(Adds details from news conference on rail infrastructure improvement, quotes from executive, background)
SANTOS, Brazil, May 19 (Reuters) - The Brazilian unit of Archer Daniels Midland Co on Friday said it had completed a 33 percent expansion in its Santos port terminal’s export capacity, to 8 million tonnes of grains per year.
The company invested 280 million reais ($85.19 million) in the project, which comes two years after Brazil extended ADM’s license to move grains including soybean and corn at the terminal for 20 years, through 2037.
The investment underscores ADM’s commitment to retaining a leading position in Brazil, whose agricultural heartland is seen as critical to supplying expanding world food markets.
Recent changes in Brazilian port legislation, which extended the duration of operating licenses in a bid to attract private investment, is positive for ADM’s logistics plans, Eduardo Rodrigues, the company’s ports director, said at a news conference.
ADM is currently analyzing a project to improve rail infrastructure around the port area in partnership with other operators, but any decision will depend on how the government applies the new rules, Rodrigues said, referring to a decree published on May 11.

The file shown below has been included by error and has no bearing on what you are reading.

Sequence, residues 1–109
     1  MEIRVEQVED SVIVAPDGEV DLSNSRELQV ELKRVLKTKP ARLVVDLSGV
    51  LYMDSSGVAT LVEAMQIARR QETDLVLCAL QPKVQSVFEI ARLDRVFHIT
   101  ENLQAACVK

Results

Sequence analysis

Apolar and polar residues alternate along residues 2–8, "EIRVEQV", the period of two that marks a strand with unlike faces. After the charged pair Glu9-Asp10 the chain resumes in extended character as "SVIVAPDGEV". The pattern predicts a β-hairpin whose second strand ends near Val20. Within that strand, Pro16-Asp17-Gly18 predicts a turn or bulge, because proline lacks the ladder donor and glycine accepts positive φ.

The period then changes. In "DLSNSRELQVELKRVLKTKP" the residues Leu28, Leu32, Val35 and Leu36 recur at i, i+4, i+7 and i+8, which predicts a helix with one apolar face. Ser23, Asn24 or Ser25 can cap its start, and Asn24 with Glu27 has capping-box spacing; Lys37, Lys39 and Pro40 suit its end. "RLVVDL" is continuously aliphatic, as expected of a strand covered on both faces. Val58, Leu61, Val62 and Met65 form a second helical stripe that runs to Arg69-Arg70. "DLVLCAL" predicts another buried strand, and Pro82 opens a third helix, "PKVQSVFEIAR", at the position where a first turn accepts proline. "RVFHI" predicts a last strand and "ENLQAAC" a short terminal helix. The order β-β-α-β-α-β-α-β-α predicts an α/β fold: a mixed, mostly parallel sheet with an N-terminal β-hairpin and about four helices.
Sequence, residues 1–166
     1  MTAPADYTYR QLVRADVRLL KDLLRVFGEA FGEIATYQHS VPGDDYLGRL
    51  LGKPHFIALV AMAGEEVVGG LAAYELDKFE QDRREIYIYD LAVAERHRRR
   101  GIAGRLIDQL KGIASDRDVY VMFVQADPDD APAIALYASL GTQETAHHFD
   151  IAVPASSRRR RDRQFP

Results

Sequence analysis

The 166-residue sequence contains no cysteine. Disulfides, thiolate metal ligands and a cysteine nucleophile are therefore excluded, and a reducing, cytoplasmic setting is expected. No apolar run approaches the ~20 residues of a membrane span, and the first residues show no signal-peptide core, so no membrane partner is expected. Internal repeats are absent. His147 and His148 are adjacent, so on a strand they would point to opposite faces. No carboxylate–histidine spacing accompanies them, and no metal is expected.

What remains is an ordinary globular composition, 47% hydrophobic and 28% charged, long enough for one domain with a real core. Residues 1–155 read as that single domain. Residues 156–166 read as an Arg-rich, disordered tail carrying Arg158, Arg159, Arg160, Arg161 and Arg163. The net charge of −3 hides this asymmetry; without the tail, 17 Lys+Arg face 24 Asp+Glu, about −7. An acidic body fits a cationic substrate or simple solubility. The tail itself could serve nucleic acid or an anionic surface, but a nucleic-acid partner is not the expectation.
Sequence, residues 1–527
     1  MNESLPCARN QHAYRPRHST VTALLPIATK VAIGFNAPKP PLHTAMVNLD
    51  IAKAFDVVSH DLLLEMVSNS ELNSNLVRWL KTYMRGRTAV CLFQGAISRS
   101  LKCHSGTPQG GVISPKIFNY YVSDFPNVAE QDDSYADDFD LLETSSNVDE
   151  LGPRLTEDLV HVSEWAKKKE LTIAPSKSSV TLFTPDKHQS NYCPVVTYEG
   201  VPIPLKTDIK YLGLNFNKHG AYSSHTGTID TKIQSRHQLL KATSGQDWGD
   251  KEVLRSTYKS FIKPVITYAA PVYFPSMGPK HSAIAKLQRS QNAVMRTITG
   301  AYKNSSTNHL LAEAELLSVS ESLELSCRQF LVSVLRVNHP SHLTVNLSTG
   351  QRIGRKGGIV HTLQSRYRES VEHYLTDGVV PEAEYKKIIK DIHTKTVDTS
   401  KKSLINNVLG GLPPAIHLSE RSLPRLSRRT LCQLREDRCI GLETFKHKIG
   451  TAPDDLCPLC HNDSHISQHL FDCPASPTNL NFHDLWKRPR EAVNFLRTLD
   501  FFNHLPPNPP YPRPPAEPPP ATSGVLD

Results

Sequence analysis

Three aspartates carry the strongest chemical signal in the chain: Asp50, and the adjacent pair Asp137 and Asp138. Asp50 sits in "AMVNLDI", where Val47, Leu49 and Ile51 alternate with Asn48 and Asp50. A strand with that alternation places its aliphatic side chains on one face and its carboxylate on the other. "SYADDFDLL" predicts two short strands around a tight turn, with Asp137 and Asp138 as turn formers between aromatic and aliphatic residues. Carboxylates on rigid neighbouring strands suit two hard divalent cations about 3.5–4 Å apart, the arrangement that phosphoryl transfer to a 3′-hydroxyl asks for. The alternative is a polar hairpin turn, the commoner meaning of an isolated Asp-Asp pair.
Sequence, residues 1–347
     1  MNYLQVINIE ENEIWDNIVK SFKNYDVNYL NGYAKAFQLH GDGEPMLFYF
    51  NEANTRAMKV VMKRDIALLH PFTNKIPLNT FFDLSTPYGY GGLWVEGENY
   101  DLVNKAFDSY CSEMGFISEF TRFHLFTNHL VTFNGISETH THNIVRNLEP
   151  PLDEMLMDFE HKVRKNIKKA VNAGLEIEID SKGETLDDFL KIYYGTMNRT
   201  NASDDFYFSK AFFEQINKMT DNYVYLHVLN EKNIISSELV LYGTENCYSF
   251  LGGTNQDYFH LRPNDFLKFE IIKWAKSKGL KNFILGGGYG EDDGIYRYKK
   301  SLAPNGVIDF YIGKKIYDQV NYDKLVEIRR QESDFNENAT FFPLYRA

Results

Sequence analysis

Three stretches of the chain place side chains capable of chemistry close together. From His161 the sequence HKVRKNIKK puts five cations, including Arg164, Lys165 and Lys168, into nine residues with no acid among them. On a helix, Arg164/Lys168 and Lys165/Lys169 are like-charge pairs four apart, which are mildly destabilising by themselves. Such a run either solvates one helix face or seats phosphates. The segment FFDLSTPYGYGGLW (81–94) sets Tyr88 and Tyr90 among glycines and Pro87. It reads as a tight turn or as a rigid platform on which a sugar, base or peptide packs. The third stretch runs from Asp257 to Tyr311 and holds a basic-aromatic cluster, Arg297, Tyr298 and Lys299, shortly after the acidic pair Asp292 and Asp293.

Brazil extended the duration of operators’ first port licenses to 35 years from 25, renewable for another 35 for contracts signed after 1993, such as ADM’s.
In theory, Rodrigues said, this could give ADM an additional 30 years, until 2067, to operate its Santos grain terminal, depending on how the authorities apply the new regulation.
“For us, it would make sense to increase investments if our license lasts longer,” Rodrigues said. The investment needed to modernize the rail infrastructure around the port terminal would be “sizeable,” he said, declining to elaborate.
With Brazil poised to harvest a bumper soy and corn crop this season, Rodrigues said that ADM expanded capacity of its Barcarena terminal, in the northern Pará state, which is operated as a 50-50 joint venture with Glencore.
Barcarena’s capacity is being raised fourfold, to 6 million tonnes. Works will be completed by June, but Rodrigues declined to comment on the size of the investments.
ADM kicked off activity at Santos in 1997, coinciding with its arrival in Brazil, which the company says is key for its global strategy. It began the Santos port operations after purchasing several crushing plants, grain elevators and silos. ($1 = 3.2868 reais) (Reporting by Ana Mano; Editing by Christian Plumb and Leslie Adler)
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